Collection and extraction of Tamarix aphylla: Fresh plant sample of Tamarix aphylla was collected from District Kohat, (Khyber Pakhtunkhwa) Pakistan. Taxonomic identity of the plant was authenticated by the herbarium staff of Botany department, Kohat University of Science and Technology. The plant was cleaned from extra weeds and seeds and washed with distilled water; air-dried and chopped into fine homogenized powder in a grinder, passed through 0.5 mm mesh screen and were kept in clean polythene bags in the sterile environment of the laboratory11. The respective powdered plant part was soaked in 70% methanol (1 g 10 mL-1) for at least 2-4 days at room temperature in a conical flask and kept on rotary shaker at for occasional stirring. The methanolic extract of powdered drug was filtered through whatman filter paper No. 42 and evaporated in a rotary flask apparatus under reduced pressure and temperature less than 42°C leaving behind brownish syrup residue and air dried again to get the powder form. The values of methanolic plant extract were analyzed according to previous method12.

Antimicrobial assay: The antibacterial activity was performed against Gram-positive bacteria including Bacillus subtilis and Staphylococcus aureus, Gram-negative bacteria including Escherichia coli and Salmonella typhi. Antifungal activity against fungal strains using filamentous fungi Aspergillus flavus and unicellular fungi Candida albicans were investigated using disc diffusion assay. Kanamycin was used as a standard drug13. Reference microorganisms were streaked onto nutrient agar plates and the inoculated plates were incubated overnight at 37°C. Using a sterile loop, small portion of the subculture was transferred into petri-dishes containing nutrient agar and incubated (2-4 h) at 37°C until the growth reached log phase. Dilutions of the stock solution containing 25, 50, 75 and 100 mg mL-1 were prepared in Dimethyl Sulfoxide (DMSO) and 100 μL of each dilution was added in the respective wells. Nutrient agar media seeded with standard inoculums suspension was poured in petri-dishes and allowed to solidify. Discs impregnated with standard antibiotic disc (Kanamycin 30 μg disc-1, Oxoid Ltd, UK) were placed on the petri-dishes with sterile forceps and gently pressed to ensure contact with the inoculated agar surface. Finally, the inoculated plates were incubated at 37°C for 24 h and antimicrobial activity was assessed by measuring the zone of growth inhibition (mm) surrounding the discs and compared with the control. Each experiment was carried out in duplicate14.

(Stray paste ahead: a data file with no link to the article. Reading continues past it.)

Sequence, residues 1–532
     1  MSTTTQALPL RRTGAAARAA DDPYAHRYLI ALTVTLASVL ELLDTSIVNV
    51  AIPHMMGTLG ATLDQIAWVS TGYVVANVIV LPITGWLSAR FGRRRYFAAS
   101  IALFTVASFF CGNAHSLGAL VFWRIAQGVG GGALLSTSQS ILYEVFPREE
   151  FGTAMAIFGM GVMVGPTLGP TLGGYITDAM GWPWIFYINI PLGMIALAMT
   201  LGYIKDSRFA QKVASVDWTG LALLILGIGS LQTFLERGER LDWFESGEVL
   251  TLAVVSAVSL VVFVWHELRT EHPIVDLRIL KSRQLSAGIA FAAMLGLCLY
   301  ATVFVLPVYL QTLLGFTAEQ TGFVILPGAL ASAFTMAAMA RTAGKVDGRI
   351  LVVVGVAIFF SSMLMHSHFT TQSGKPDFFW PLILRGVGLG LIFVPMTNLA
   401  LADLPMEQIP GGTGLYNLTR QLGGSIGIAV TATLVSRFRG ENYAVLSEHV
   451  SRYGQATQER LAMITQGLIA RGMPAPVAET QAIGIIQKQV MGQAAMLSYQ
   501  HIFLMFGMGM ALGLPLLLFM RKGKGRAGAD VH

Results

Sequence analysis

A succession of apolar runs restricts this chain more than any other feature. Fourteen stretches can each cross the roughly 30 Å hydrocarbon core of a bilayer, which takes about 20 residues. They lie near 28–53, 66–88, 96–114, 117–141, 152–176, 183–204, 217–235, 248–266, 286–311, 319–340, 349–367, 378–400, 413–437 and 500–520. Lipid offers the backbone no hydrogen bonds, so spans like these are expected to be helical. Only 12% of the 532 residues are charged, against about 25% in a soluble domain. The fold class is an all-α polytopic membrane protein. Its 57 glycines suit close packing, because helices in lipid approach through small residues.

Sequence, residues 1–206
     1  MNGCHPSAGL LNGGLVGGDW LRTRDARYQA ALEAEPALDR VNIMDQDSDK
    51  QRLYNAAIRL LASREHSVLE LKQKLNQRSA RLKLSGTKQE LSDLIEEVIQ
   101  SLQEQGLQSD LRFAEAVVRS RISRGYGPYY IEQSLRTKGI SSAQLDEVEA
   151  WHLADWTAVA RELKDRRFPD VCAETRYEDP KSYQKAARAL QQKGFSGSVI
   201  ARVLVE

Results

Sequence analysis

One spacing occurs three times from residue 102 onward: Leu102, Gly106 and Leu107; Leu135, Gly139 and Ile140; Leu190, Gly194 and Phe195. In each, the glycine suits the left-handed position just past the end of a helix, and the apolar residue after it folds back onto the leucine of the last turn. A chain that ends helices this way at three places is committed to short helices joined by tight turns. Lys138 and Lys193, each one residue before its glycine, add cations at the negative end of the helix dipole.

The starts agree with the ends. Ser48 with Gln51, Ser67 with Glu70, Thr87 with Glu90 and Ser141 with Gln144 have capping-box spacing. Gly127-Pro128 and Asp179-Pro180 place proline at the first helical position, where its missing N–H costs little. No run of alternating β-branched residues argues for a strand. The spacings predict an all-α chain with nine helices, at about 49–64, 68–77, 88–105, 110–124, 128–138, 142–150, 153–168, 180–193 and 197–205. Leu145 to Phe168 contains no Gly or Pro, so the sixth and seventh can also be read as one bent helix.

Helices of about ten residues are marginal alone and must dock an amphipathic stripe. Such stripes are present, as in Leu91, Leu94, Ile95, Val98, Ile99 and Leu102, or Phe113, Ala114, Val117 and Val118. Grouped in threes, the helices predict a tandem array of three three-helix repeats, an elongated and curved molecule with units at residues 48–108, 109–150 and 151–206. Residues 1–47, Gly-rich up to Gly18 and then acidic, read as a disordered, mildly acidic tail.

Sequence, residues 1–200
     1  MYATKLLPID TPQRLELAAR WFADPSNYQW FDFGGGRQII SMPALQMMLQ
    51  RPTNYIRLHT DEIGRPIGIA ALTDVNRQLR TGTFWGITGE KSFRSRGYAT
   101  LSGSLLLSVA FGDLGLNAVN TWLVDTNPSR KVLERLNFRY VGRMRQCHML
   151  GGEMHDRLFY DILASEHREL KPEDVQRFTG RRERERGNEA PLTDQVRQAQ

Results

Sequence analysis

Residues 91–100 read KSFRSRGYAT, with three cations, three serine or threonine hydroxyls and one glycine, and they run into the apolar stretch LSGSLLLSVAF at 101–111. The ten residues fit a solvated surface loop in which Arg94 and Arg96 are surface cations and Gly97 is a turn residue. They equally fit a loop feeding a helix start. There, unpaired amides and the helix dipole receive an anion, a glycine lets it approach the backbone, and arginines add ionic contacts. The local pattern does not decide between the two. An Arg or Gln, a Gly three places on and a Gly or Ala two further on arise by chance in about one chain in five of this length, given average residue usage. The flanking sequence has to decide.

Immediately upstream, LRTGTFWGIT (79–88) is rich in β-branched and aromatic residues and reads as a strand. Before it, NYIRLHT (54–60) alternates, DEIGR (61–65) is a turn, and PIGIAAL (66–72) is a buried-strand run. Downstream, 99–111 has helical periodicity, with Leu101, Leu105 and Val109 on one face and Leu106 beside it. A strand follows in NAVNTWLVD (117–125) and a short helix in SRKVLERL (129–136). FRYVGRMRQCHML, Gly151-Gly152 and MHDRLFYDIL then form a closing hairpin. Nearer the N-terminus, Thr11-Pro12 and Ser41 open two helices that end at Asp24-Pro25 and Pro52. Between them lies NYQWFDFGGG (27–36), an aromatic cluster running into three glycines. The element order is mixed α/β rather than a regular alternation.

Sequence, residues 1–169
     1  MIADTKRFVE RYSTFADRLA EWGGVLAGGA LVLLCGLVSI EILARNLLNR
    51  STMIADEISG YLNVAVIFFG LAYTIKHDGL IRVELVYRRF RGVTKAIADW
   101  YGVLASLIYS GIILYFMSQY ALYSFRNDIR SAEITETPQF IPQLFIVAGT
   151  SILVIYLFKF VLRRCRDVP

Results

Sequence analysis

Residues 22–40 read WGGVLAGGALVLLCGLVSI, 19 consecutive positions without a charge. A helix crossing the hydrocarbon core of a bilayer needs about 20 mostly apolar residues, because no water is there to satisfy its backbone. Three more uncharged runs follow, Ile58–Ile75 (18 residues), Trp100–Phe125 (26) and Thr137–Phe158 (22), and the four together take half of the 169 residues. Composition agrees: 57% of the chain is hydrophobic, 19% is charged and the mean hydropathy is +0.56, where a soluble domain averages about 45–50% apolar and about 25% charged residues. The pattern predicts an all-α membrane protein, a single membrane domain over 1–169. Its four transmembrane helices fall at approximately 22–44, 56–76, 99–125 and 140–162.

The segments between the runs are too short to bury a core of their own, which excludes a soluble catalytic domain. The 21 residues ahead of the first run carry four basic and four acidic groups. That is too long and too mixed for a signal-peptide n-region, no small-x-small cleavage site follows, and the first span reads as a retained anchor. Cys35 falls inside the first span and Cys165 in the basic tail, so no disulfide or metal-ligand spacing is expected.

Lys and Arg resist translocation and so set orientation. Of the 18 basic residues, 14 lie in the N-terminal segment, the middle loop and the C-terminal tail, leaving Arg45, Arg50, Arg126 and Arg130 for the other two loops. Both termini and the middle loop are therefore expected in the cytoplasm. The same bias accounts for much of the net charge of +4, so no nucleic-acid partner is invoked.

Antiparasitic activity of plant extract against different bacterial isolates comprising of Bacillus subtilis, Staphylococcus aureus, Escherichia coli and Salmonella typhi and fungal strains using Aspergillus flavus and Candida albicans causing microbial infections were used for evaluation of antimicrobial activity exhibited by the plant sample using different concentrations of 25, 50, 75 and 100 mg mL-1 methanol extract (70%) as shown in Table 1. Mainly, the solvent employed in such studies accounts for the complexity and diversity of the compounds being extracted.